When Siebert intends to shock us into recognition of human stupidity, he succeeds. As I turned from page 87 to page 88, I gasped. The image of Mary the elephant is one that will stay with me for a very long time. The photo shows Mary, in 1916 Tennessee, hanging by the neck from a huge industrial crane, her death penalty for killing a caretaker who had prodded her with a metal hook.
The book's central premise is spot on: "The degree to which we humans will finally stop abusing other creatures and, for that matter, one another will ultimately be measured by the degree to which we come to understand how integral a part of us all other creatures actually are."
Too often in writing about Roger, though, Siebert's prose is overwrought. As he considers the "uncharted terrain" he finds himself in with Roger, he describes "a steady shuffling off of my personhood in the direction of the non-me of being." As he spews out non-sentences, his agitation swells: "Another wave of unbridled terror upon which to keep riding away from myself. Before that relentless keeper that is human consciousness could begin to rein me back in. To close, one by one, the doors on all the other creatures I know myself to be, and to once have been, including Roger."
He fantasizes about touching Roger: "I see a hand, as though not my own, beginning to move through the air beyond the red line [meant to keep visitors a safe distance from the apes]. Tapping at the very edges of that tensile web Roger has woven between us, just waiting for him to fully awake to who I am and then take me in, his warm, musky scent melding now with the rusty essence of my own spilled blood, and that inner voice still droning 'Go on… and on… it's a fine way to die'." Later in the book, Siebert returns to the death theme: "[Roger] could kill me so easily that it somehow only heightens my desire to let him."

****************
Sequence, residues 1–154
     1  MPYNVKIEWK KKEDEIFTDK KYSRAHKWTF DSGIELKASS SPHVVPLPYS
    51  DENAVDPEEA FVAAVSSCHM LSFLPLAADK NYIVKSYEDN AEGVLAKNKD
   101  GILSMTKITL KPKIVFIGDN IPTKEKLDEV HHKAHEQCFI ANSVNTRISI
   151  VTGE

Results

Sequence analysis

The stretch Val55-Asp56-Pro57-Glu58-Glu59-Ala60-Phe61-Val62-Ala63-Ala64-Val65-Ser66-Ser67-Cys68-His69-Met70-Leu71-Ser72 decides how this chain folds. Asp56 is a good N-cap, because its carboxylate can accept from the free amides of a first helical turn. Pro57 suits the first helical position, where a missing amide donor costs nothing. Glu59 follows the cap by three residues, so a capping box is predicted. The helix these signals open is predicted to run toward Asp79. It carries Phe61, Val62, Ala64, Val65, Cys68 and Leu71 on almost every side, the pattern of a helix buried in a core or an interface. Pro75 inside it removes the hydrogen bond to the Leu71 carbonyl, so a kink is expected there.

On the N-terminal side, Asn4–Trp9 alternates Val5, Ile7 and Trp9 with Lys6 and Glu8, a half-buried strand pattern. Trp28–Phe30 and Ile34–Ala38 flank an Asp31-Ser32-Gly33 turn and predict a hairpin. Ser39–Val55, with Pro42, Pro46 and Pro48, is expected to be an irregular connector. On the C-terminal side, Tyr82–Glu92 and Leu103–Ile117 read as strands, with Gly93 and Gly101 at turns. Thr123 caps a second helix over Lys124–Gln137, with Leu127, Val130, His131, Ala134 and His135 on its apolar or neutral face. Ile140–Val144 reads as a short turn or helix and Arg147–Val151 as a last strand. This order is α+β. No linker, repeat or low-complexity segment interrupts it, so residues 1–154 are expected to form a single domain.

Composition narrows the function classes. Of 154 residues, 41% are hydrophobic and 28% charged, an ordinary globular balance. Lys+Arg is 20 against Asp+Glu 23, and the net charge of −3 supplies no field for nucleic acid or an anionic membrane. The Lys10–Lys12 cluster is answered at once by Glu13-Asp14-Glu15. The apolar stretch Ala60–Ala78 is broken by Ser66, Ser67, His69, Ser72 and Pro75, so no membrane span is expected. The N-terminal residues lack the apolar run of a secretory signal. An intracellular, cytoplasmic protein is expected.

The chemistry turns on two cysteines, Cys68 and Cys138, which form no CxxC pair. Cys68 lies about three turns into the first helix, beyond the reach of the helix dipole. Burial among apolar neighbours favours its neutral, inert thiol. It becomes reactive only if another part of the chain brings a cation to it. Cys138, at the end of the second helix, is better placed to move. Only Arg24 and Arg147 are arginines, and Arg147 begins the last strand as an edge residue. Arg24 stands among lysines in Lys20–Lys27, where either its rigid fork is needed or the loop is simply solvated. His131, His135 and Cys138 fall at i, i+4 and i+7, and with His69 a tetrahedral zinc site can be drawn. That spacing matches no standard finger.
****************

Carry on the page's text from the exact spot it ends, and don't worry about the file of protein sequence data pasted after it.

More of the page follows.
Maybe sitting and communing with a chimpanzee is a Rorschach test of sorts. Clearly, what Siebert see when he gazes into Roger's eyes is his own lost evolutionary past. This fact is beaten into readers' heads over and over, as when Siebert muses about "back in that not so distant time when he and I were, in fact, one and the same." At one point Siebert even sighs that he's tired of being "only a man."
And we get it too, because he tells us, that Siebert is "uncommonly attuned" to chimpanzees. Isn't that the kind of thing you're supposed to let other people say about you, rather than declare yourself?
Here's the real problem though: How can an insistence upon seeing a chimpanzee as some kind of nonstarter in the human evolutionary lineage fit with seeing apes as they really are? Siebert gives us a human-focused narrative just where he shouldn't -- in a book about the folly of treating animals as our species's playthings.
It's unmistakable that Siebert meant something to Roger. Had he, after all, met Roger as a youngster? The book's ending revisits this question. Siebert also also recounts a phone call he had with Patti Ragan: after he departed the CGA, Roger the chimpanzee changed. He began to relax around and even play with other chimpanzees. Although The Wauchula Woods Accord is only a partial success, the outcome for Roger of that wild and captive night in Florida has been wholly positive.
Barbara J. King teaches Anthropology at the College of William and Mary and can be reached at email@example.com